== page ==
And as creators of content for children, WE can help get our world there. We can make kids’ and teens’ lives better for having read and experienced our stories – all kids. Gay and straight.
We can make a difference. And we should.
If you want to talk more about including LGBTQ characters and themes in your writing and illustrating, join me and some amazing conference faculty members at our LGBTQ Poolside Chat, Friday August 5, 2011 from 12:45pm-2:00pm.
Thanks, and hope to see you there!
Now I want to know: What would YOU talk about if you got 5 minutes on the main stage?
This speech is an updated version of my writer's perspective column that was published in our local southern California SCBWI kitetales (Spring 2011).
Thursday, August 4, 2011
Ten Things I'm So Excited About (And That You Should Know) For the 40th Anniversary SCBWI Summer Conference (which starts tomorrow!)
1. I'll be blogging about the conference as part of SCBWI Team Blog, and you can follow along at the official conference blog here! We'll be led once again by Team Captain Alice Pope, and the rest of the team is Martha Brockenbrough, Jolie Stekley, Jaime Temairik, and Suzanne Young. They're all amazing, and I'm so honored to be included!
2. You can join in the tweets about the conference with the twitter hashtag #LA11SCBWI!
3. Once again I'll be moderating the conference's LGBTQ Poolside Chat - Friday August 5, 2011, from 12:45pm - 2:00pm. We've got a number of the conference faculty joining in, and it should be a great opportunity to talk about including Lesbian, Gay, Bisexual, Transgender, and Questioning characters and themes in our writing and illustrating for children and teens.
4. I'm going to charge up on INSPIRATION! There are so many Keynotes I can't wait to hear! Like the Friday Keynotes from Bruce Coville, Libba Bray and Emma Dryden! And the Saturday Keynotes from John Green, Jon Scieszka and Mary Pope Osborne! And Laurie Halse Anderson's Keynote on Sunday!
5. I'm going to learn some great focused tools and techniques of CRAFT! How am I ever going to figure out which Friday, Saturday, and Sunday workshops to attend? At least I have two writers intensives for Monday already figured out, with a morning session on writing fantasy taught by Bruce Coville, and an afternoon session on Writing Novels in Verse taught by Ellen Hopkins!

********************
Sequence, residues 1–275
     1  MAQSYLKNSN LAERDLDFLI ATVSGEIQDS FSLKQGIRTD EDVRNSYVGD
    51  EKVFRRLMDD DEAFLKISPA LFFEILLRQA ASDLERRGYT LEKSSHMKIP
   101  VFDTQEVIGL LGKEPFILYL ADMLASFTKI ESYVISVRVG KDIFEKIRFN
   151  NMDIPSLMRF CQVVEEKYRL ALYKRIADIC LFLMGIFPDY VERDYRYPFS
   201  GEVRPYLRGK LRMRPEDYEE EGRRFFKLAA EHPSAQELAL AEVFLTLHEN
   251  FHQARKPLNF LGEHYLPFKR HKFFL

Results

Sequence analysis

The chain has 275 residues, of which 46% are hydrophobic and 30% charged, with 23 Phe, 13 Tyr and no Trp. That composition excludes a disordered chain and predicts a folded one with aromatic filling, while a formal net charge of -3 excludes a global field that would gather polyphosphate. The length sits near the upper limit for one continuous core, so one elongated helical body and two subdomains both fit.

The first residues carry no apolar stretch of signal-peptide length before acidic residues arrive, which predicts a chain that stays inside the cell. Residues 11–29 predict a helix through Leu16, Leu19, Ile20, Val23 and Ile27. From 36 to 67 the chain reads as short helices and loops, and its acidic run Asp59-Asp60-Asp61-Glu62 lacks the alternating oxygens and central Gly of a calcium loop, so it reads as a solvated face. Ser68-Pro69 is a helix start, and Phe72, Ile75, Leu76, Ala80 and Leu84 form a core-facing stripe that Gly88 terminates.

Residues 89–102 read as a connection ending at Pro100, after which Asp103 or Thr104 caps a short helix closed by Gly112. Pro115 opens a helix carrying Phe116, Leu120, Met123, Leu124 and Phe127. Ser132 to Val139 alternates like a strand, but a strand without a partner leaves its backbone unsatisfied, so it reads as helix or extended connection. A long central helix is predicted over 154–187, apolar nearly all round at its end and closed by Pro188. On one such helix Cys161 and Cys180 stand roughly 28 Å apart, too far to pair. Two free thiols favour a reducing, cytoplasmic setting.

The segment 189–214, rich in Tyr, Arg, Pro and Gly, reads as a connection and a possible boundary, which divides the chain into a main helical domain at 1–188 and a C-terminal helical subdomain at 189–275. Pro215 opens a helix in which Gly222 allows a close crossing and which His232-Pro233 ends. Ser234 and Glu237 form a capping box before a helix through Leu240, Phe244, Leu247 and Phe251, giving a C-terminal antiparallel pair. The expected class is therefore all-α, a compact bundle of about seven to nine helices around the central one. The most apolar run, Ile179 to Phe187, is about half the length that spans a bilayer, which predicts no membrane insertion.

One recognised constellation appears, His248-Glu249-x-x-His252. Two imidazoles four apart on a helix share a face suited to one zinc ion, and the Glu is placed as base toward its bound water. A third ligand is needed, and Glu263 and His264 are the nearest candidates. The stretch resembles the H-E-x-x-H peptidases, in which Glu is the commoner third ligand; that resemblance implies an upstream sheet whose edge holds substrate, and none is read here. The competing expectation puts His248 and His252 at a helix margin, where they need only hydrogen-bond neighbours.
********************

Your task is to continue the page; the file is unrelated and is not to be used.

6. I'm going to deepen my understanding about the BUSINESS! From hearing what specific editors and agents are looking for (have you looked at the faculty lineup? Awesome!) to mock sales conferences and editor/author discussions!
7. I'm going to be open to being challenged - Jon Scieszka will be giving a workshop on experimenting with multi-platform storytelling, and I like how dangerous that feels.
8. I'll be co-hosting our Los Angeles Regional meeting (with RAs Sarah Laurenson and Edie Pagliasotti, and RA Emeritus Claudia Harrington) on Sunday Aug 7th from 7:45am-8:15am in the one of the two hospitality rooms (The Malibu or the Bel Air room on the California Level - they're just down the hall from each other and we'll have a sign at both directing you to which one we're in...)
9. Outside the conference (and open to anyone in the world of children's literature) I'm one of the planners of the Los Angeles Kid Lit Drink night - SCBWI Summer Conference Edition across the street from the hotel at Pink Taco on Sunday night after the day's conference events! Join Jill Corcoran, Greg Pincus, Rita Crayon Huang, Sara Wilson Etienne and me for tortilla chips, salsa (the dip, not the dance) and conversation!